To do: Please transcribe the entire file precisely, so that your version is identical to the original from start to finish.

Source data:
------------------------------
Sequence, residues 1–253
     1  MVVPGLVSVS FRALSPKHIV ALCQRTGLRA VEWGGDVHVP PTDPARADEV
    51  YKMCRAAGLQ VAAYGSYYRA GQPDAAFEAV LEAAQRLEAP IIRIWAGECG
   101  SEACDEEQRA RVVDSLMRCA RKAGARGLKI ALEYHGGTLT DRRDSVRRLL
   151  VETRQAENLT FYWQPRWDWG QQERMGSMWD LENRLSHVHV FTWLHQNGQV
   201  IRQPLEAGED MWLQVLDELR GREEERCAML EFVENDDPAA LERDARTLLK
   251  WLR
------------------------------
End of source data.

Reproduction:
Sequence, residues 1–253
     1  MVVPGLVSVS FRALSPKHIV ALCQRTGLRA VEWGGDVHVP PTDPARADEV
    51  YKMCRAAGLQ VAAYGSYYRA GQPDAAFEAV LEAAQRLEAP IIRIWAGECG
   101  SEACDEEQRA RVVDSLMRCA RKAGARGLKI ALEYHGGTLT DRRDSVRRLL
   151  VETRQAENLT FYWQPRWDWG QQERMGSMWD LENRLSHVHV FTWLHQNGQV
   201  IRQPLEAGED MWLQVLDELR GREEERCAML EFVENDDPAA LERDARTLLK
   251  WLR